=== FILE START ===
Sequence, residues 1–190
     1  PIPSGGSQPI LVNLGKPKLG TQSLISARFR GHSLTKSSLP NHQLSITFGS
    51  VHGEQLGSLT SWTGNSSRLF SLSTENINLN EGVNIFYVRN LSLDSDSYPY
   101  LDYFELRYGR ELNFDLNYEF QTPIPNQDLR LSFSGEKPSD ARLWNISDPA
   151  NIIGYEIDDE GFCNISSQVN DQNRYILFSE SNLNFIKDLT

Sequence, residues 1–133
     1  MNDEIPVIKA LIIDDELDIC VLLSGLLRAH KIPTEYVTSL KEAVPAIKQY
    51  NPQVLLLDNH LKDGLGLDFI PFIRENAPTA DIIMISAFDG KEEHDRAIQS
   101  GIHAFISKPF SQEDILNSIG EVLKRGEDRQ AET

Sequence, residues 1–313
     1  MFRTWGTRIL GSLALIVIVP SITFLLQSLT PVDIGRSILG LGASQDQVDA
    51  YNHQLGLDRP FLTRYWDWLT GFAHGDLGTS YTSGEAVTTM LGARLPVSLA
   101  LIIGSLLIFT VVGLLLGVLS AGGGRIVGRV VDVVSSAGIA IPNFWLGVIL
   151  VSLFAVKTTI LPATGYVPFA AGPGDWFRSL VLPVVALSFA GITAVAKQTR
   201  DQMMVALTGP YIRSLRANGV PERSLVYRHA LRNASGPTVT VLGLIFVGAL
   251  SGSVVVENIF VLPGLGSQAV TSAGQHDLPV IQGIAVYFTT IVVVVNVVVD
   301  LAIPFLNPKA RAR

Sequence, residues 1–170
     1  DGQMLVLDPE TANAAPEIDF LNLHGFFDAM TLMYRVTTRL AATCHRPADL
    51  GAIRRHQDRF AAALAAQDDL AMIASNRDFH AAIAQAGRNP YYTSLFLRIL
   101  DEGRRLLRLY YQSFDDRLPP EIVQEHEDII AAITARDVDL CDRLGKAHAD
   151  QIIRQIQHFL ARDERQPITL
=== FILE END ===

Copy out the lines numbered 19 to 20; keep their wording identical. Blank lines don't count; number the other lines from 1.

     1  DGQMLVLDPE TANAAPEIDF LNLHGFFDAM TLMYRVTTRL AATCHRPADL
    51  GAIRRHQDRF AAALAAQDDL AMIASNRDFH AAIAQAGRNP YYTSLFLRIL